I see what you mean, Laura. My response would be that the only way to the Father is through the Son. Jesus is clear about that, just as the Bible is also clear that the only forgiveness of sin is through him. And that the only way one is spiritually alive is by the power of the Holy Spirit. If someone wants to insist that Jesus also meant the way to God can be found through faith in other people/things, they they won’t be talking about being in God’s family through the work of Christ and the power of the Spirit.

      Are we exclusive by insisting that this is the only way it works? Yes. Because this is how Jesus told us it works.

  2. I am shocked that you could even suggest that there could be shades of grey in our Christian walk. It’s black and white so that we all know where we stand and can follow the rules to get into heaven!

    • Tim says:

      Black and white line drawing is an elusive exercise when it comes to faith, isn’t it? As you said in your re-blog related comment below, Jesus didn’t give those types of easy answers. He did tell people that the way to go was by following him, and the Bible has enough in it about that to keep anyone busy enough to now really have to bother with line drawing any longer.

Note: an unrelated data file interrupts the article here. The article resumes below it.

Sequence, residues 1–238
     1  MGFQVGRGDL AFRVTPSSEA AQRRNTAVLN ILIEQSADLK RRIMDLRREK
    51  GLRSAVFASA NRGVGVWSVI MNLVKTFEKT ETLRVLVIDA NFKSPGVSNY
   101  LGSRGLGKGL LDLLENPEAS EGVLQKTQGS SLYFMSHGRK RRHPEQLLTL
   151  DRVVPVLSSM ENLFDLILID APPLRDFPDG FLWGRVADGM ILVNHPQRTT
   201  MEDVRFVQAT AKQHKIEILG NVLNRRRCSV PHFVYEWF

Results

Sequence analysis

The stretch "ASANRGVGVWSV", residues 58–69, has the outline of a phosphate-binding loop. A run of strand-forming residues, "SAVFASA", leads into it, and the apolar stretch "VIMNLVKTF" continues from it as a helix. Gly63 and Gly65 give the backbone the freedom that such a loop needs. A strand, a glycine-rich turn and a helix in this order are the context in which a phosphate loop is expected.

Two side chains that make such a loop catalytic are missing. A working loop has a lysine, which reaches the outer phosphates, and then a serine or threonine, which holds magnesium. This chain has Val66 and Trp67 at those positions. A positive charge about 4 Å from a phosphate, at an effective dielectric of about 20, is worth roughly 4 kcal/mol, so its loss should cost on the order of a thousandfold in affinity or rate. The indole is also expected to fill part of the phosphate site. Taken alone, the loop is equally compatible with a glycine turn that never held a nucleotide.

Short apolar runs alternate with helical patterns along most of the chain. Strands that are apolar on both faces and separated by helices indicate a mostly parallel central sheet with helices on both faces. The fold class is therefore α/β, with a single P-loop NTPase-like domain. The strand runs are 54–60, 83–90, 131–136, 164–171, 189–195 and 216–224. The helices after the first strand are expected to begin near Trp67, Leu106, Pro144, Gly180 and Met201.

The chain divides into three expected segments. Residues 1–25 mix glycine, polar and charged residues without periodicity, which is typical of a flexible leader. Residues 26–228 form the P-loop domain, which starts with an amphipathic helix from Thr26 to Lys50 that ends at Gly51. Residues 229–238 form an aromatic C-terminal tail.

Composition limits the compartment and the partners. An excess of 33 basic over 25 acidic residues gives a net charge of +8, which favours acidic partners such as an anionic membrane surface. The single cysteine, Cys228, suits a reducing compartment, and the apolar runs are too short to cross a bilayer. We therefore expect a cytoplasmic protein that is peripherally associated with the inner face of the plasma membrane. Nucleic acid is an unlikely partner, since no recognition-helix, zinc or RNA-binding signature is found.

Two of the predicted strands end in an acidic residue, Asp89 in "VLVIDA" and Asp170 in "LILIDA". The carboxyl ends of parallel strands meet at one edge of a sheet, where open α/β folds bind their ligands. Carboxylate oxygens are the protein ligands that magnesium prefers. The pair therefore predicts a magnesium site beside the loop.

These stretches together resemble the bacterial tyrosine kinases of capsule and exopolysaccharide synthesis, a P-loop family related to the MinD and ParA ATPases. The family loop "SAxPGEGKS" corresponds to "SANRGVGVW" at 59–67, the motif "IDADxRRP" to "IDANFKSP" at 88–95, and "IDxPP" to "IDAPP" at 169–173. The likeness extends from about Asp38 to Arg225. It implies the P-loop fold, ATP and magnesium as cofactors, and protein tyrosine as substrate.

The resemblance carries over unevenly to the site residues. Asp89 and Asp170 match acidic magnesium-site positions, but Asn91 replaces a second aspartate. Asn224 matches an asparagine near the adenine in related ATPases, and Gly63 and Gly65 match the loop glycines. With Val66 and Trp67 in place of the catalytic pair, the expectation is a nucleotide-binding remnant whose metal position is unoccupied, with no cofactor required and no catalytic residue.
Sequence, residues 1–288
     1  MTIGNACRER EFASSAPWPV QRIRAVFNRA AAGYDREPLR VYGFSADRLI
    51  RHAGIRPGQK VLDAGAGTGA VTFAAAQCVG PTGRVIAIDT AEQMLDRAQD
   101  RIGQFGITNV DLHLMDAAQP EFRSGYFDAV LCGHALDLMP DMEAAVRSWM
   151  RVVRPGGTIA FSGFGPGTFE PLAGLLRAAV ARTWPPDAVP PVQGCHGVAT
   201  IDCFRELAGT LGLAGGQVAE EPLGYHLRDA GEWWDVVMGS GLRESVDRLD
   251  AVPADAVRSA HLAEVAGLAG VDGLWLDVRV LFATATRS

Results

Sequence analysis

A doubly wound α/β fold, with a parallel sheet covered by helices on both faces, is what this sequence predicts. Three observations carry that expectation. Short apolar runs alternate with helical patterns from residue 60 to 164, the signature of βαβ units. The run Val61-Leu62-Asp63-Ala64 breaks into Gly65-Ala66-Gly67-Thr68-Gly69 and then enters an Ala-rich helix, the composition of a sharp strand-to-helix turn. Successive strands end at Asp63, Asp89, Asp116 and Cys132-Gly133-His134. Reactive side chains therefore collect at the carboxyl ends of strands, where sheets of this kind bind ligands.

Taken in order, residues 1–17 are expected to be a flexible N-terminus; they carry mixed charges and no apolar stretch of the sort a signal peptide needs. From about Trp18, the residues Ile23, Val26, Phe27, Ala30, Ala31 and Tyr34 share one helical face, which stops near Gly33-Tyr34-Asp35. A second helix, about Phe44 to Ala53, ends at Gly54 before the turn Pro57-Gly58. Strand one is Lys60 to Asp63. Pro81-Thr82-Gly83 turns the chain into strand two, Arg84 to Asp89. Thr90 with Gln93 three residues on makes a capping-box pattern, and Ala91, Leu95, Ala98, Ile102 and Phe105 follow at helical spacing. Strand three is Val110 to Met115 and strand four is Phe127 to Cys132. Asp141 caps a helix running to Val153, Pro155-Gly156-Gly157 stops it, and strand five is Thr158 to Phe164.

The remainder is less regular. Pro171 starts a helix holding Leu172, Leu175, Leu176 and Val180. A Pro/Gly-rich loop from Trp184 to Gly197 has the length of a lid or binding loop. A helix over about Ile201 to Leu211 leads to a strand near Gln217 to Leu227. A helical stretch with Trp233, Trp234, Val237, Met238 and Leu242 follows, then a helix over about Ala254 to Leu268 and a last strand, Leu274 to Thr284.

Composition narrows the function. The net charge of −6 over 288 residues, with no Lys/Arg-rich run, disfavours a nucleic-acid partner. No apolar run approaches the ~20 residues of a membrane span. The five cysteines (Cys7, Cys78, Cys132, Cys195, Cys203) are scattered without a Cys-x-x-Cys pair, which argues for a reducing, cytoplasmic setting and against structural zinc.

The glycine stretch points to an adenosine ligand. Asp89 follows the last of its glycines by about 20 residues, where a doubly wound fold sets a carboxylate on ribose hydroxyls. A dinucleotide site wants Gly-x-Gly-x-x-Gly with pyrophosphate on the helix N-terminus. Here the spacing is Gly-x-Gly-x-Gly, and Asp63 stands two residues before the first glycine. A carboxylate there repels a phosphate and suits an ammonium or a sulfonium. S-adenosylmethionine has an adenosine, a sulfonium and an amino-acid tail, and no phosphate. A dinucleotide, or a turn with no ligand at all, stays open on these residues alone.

3. Reblogged this on multicolouredsmartypants and commented:
    When I think I know who’s ‘in’ and who’s ‘out’ is when I have to question the mechanics of my faith. Jesus was always rather cagey on who exactly is ‘in’ and who’s ‘out’. He always refused to answer questions like that, always turning such questions back around to the questioner. He continually pointed out those assumed to be ‘out’ as being those whom He valued.

  4. Jeremy M. says:

    This is certainly not the type of story you hear too often, it is a good find. The sad thing is it often seems like groups of Christians often act like we’re in some kind of competition just as often. Whether it be the competition between local churches or larger denominations. Not only would the quarterback (pastor?) not be allowed to switch teams to help out, often it seems we’ve forgotten that we’re on the same team to begin with.

    • Tim says: